Thursday, May 17, 2018

RIP Beverly Bronson

[Image courtesy of House with Heart]

Beverly Bronson, a longtime East Village resident who owned the antiques shop A Repeat Performance, died on Sunday of cancer. She was 70.

The news came via House with Heart, the charity that Bronson founded in 2001 to aid impoverished children and women in Nepal.

Here's part of the message from House with Heart:

It is with heavy hearts we share the sad news that our beloved founder, Beverly Bronson, has died from cancer. She passed peacefully today on Mother's Day in Naples, Florida, at the home of her daughter, surrounded by her loving family and friends.

Beverly lived an extraordinary life. From her early life in England to the decades she spent living in New York’s East Village to her work in Nepal, Beverly opened her heart to those in need. She walked and acted in kindness, compassion, selflessness, and most definitely, with determination.

Her bright spirit lives on in the lives of all she touched, including those of us who worked with her closely as directors of the House with Heart board. That spirit will guide us as we continue her work on behalf of the children and women in Nepal.

We send our deepest condolences to Beverly’s daughter, Kyla; her son-in-law, Matt; her grandchildren, Kyle, Hannah, and Ava; her partner, Mike Ogletree; and, of course, to the children and staff of House with Heart.

Bronson, a London native, moved to New York City in the early 1970s and worked in publishing and in the theater before opening A Repeat Performance in 1980. After five years on St. Mark's Place, the shop, offering a range of unique antiques and unusual items, moved to its present location at 156 First Ave. between Ninth Street and 10th Street.

She first came to Nepal in 1999 to volunteer as a social worker. In 2001, she found two young boys whose mother had abandoned them. The boys became the first two members of House with Heart.

In recent years Bronson had spent a good deal of her time in Nepal. Here's A Repeat Performance co-owner Sharon Jane Smith talking about Bronson in an Out and About in the East Village feature from 2015:

Beverly has branched out into a home in Kathmandu, Nepal, where she is on her way to now to do renovations and hunker down for the monsoon season. It’s the place that had the earthquake. The house is still standing and the kids are camped out in the yard, waiting for the house to be retrofitted. She’s there to offer support and she doesn’t even like to camp, but she’s camping out in the monsoon. God bless her.

A memorial service will be held in the coming months to celebrate Bronson's life, according to House with Heart board members.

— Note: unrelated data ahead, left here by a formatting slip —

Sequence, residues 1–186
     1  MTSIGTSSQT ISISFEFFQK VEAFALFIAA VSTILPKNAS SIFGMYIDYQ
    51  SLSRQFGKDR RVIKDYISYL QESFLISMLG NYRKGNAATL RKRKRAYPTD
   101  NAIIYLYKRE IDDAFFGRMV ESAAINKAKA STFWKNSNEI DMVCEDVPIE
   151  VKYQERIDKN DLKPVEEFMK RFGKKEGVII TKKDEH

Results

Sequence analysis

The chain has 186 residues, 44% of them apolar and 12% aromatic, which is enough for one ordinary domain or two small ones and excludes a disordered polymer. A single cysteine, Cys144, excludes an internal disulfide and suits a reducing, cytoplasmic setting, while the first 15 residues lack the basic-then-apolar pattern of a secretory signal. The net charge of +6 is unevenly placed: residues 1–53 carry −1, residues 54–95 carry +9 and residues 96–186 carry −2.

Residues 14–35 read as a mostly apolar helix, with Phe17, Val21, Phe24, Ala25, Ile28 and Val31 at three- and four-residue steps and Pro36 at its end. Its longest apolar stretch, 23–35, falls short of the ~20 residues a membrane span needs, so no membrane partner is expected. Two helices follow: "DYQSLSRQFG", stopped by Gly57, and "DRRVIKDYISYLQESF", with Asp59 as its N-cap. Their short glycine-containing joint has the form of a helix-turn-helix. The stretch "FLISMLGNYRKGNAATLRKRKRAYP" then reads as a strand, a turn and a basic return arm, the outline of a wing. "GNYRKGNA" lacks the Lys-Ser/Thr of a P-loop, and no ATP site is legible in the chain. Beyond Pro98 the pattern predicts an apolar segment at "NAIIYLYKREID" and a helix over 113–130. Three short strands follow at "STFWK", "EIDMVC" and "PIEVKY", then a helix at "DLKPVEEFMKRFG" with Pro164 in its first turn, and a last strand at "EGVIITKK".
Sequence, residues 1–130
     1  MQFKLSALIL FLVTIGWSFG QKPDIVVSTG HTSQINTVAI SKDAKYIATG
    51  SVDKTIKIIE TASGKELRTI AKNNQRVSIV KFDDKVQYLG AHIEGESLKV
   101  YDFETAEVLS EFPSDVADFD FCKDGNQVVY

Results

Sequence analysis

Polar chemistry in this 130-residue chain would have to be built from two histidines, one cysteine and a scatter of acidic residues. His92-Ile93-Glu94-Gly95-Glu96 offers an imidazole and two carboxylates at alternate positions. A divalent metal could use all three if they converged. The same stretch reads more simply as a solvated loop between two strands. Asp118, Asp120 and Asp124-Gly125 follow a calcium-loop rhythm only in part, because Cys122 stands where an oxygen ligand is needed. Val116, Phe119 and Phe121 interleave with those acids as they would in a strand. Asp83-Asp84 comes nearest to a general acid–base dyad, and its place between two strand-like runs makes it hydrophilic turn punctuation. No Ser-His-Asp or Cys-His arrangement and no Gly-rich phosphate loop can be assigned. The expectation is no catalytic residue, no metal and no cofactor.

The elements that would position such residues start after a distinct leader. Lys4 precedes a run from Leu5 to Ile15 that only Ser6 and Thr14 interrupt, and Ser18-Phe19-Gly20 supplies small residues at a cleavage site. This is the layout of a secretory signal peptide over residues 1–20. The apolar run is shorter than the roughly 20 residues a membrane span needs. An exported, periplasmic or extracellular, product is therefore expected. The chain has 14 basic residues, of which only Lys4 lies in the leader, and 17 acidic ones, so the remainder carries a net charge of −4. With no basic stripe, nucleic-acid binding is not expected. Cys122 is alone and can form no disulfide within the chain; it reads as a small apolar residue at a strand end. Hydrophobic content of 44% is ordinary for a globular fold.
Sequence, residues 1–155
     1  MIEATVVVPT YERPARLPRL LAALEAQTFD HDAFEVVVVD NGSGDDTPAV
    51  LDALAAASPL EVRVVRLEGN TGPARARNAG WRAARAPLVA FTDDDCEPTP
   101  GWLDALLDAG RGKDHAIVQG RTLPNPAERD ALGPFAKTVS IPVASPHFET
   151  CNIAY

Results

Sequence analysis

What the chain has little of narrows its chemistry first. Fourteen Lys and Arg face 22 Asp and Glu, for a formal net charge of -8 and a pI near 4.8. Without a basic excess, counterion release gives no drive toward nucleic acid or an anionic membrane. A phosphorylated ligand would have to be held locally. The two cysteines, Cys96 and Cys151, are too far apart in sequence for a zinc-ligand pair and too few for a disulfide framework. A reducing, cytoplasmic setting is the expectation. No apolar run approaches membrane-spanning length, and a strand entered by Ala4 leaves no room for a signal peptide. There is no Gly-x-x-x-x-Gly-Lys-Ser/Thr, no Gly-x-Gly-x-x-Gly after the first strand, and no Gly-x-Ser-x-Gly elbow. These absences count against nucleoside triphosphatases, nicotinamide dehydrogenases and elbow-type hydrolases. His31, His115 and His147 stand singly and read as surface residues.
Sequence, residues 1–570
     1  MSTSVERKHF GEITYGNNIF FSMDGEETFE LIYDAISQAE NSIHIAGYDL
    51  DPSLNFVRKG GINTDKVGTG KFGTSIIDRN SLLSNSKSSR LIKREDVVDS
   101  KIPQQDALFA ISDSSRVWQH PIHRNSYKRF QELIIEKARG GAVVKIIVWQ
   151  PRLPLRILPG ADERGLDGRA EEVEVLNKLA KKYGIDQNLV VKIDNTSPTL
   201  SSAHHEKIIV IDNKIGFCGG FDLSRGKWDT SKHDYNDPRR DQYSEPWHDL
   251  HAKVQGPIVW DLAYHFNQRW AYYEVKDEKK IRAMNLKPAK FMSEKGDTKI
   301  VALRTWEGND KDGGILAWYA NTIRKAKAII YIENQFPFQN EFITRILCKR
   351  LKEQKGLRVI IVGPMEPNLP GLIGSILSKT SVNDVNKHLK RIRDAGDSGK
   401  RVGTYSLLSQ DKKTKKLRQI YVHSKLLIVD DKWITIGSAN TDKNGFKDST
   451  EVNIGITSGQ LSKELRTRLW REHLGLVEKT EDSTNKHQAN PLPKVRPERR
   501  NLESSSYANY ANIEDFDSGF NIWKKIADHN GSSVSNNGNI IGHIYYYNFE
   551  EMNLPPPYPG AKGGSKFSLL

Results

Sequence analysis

Anonymous said...

So so terrible.
She was sooooo nice, friendly and kind - and did so much good.

Anonymous said...

RIP. As an aside, why do people in NYC start overseas charities when they are plenty of destitute folks right here?

Anonymous said...

Beverly will be missed. One of the people who made a difference in the world with her love.

Anonymous said...

RIP. As an aside, why do people feel the need to always air their inner thoughts? Keep 'em inner in situations like these.

Anonymous said...

She was a very beautiful woman and will be dearly missed here in the East Village. RIP Beverly.

Esther O'Mahoney said...

Such a lovely person. She will be sorely missed by all who knew her x

sophocles said...

11:20 am:to some people it is one world?

Trixie said...

@anonymous 11:20 There’s room in this world for all kinds of charity. Perhaps you’d care to share yours with us here. And who knows, we might want to contribute to it.

anonymous said...

a beautiful person, friend . She will be missed.

Anonymous said...

In the mid-90's, I was a member of the Experimental Theater Project, aka, the W.O.W. Cafe. At that time, Beverley and Sharon Jane Smith were our "older-siblings" in our space on East Fourth. In addition to many other hats I wore, I played the electric guitar in the house band/quartet, "Hunted Girls". She who was, Beverly "B-flat" Bronson, was a lighthouse for those of us who were row-row-rowing our art and our butch boats along the East Village theater-playground, streets where troubled waters often flowed. When my corporate employer put me out on the street because I had a depressive episode due to loss of my brother to HIV-related illness, Beverly kept me from starving by giving me opportunity to work a few hours at Repeat Performance and to babysit her very young grandson, Kyle. I knew she had embarked on a journey to help others in far away lands, however, I didn't know she had left the planet, until today. I always admired her courage and her generosity. Sending Loving Light to her family and friends*** M. Bell